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Tomorrow’s Gods: What is the future of religion?

prasad1

Active member
Before Mohammed, before Jesus, before Buddha, there was Zoroaster. Some 3,500 years ago, in Bronze Age Iran, he had a vision of the one supreme God. A thousand years later, Zoroastrianism, the world’s first great monotheistic religion, was the official faith of the mighty Persian Empire, its fire temples attended by millions of adherents. A thousand years after that, the empire collapsed, and the followers of Zoroaster were persecuted and converted to the new faith of their conquerors, Islam.

Another 1,500 years later – today – Zoroastrianism is a dying faith, its sacred flames tended by ever fewer worshippers.

We take it for granted that religions are born, grow and die – but we are also oddly blind to that reality. When someone tries to start a new religion, it is often dismissed as a cult. When we recognise a faith, we treat its teachings and traditions as timeless and sacrosanct. And when a religion dies, it becomes a myth, and its claim to sacred truth expires. Tales of the Egyptian, Greek and Norse pantheons are now considered legends, not holy writ.

Even today’s dominant religions have continually evolved throughout history. Early Christianity, for example, was a truly broad church: ancient documents include yarns about Jesus’ family life and testaments to the nobility of Judas. It took three centuries for the Christian church to consolidate around a canon of scriptures – and then in 1054 it split into the Eastern Orthodox and Catholic churches. Since then, Christianity has continued both to grow and to splinter into ever more disparate groups, from silent Quakers to snake-handling Pentecostalists.

If you believe your faith has arrived at ultimate truth, you might reject the idea that it will change at all. But if history is any guide, no matter how deeply held our beliefs may be today, they are likely in time to be transformed or transferred as they pass to our descendants – or simply to fade away.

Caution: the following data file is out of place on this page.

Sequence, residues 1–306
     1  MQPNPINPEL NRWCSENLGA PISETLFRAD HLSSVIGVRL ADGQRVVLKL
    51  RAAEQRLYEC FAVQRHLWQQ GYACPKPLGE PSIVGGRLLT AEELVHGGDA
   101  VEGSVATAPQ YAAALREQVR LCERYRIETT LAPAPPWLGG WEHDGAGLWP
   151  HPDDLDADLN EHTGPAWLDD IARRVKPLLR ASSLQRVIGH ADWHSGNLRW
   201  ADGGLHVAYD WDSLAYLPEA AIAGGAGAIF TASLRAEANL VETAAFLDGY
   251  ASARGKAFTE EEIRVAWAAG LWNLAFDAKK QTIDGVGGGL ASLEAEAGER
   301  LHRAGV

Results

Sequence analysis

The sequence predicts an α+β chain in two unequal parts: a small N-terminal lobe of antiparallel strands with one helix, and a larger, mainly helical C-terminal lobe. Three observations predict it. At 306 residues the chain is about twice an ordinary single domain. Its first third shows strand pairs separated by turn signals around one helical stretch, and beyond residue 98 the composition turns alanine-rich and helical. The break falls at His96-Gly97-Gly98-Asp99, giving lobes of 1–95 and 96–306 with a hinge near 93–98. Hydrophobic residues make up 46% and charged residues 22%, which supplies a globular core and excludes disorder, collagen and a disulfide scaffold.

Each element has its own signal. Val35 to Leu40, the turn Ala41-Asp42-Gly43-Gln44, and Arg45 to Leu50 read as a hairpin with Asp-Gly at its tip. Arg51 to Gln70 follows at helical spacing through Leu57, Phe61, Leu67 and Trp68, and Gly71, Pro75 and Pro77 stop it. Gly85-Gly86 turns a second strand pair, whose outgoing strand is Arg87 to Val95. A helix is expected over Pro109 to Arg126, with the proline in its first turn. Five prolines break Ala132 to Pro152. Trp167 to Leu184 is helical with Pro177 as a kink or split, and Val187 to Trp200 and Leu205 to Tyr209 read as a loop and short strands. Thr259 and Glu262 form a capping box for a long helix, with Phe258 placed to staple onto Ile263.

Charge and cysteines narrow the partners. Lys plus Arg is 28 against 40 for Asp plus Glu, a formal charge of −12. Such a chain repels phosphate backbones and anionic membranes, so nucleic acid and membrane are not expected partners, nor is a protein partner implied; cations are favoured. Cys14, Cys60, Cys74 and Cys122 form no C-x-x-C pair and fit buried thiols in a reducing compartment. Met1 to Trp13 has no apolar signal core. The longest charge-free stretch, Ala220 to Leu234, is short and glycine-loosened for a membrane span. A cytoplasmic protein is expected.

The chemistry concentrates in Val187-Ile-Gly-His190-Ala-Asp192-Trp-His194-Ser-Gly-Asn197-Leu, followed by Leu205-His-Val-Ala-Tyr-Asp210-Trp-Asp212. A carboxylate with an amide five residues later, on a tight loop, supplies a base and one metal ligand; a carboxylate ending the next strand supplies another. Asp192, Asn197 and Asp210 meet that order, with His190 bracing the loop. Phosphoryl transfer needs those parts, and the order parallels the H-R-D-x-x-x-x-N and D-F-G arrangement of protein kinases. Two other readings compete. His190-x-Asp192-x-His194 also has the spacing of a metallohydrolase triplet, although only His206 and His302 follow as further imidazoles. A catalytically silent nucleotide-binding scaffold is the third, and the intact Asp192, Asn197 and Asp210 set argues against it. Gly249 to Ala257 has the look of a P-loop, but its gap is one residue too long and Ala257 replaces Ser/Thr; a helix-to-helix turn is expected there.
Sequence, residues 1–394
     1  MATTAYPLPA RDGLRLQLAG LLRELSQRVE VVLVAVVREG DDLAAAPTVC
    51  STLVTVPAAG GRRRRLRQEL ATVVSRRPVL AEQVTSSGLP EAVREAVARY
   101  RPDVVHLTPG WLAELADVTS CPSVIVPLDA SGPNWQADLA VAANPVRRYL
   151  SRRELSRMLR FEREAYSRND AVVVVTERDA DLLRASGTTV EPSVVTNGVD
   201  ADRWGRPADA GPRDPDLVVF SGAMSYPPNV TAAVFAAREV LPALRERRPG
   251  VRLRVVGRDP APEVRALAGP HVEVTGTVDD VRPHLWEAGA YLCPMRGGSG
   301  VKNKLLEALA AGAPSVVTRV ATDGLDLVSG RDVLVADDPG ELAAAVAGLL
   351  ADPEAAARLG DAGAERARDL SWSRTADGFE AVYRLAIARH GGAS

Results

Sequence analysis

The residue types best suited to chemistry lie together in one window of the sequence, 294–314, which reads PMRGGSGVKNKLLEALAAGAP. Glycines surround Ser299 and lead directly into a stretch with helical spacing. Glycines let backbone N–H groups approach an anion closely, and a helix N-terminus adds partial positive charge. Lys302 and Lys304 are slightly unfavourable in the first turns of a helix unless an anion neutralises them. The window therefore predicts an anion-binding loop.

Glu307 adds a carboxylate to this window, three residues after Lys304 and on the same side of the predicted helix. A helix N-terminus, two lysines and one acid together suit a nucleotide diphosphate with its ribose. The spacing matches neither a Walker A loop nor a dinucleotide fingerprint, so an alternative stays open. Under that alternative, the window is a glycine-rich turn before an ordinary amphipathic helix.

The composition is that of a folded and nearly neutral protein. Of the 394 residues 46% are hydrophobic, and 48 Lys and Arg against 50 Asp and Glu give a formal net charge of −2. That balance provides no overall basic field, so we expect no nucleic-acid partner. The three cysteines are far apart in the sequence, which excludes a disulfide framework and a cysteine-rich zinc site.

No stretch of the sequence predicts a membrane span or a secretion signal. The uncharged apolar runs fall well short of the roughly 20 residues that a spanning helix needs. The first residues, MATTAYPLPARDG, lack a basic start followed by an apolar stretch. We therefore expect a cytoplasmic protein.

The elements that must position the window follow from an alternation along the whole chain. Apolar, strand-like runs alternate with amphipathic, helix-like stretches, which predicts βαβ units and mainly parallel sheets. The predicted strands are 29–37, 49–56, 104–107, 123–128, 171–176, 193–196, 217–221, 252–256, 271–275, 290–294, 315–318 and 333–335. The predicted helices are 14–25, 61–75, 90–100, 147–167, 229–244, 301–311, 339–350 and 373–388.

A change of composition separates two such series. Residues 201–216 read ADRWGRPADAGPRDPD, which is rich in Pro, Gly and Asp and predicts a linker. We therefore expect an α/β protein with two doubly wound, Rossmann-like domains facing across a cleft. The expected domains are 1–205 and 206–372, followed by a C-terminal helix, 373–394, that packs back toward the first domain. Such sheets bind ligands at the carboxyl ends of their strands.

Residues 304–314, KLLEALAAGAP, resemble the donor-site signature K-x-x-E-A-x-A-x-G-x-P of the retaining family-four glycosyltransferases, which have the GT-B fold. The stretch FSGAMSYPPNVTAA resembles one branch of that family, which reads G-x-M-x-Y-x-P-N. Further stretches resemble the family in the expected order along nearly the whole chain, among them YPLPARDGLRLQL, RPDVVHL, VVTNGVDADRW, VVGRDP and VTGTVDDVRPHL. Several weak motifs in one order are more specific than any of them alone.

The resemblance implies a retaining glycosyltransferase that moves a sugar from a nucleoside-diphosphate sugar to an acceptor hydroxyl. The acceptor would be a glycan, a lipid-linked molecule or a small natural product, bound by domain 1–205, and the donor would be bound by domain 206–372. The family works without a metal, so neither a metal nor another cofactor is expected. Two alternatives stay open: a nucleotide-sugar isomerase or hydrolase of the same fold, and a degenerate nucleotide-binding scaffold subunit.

If religions have changed so dramatically in the past, how might they change in the future? Is there any substance to the claim that belief in gods and deities will die out altogether? And as our civilisation and its technologies become increasingly complex, could entirely new forms of worship emerge?

...............................................................

Perhaps religions never do really die. Perhaps the religions that span the world today are less durable than we think. And perhaps the next great faith is just getting started.


 

renuka

Well-known member
Well...at present major places of worshipped are shut all around the world and worship has to be within ourselves.

No idol nor actually seeing Kabah or being at a mosque or a cross at a church or a Guru granth at a Gurudwar or seeing Buddhist monks..there is a rumour that even the Hajj for Eid ul Adha could be cancelled this year.

What does all these show?
That only the Religion of Love prevails.
Love for existence and humanity.

All the obsession with caste, genes, beauty, IQ, money, position etc has to stop.

We have been stripped off of even our freedom to leave our homes
Mighty politicians or super powers too are confined within certain spaces.

All of us are currently under " house arrest"...we witness people dying...it could be any one of us too.

At this time our minds are turned within.
God has shut every place of worship...the "new"religion has to be introspection and realizing we ourselves are helpless unless we surrender to the law of existence..
So is it actually a new religion?

No! Its merely reset to factory settings.

May be what we thought was religion was just gradual decline of our own understanding.

So whenever there is decline....existence resets to factory setting from age to age
 
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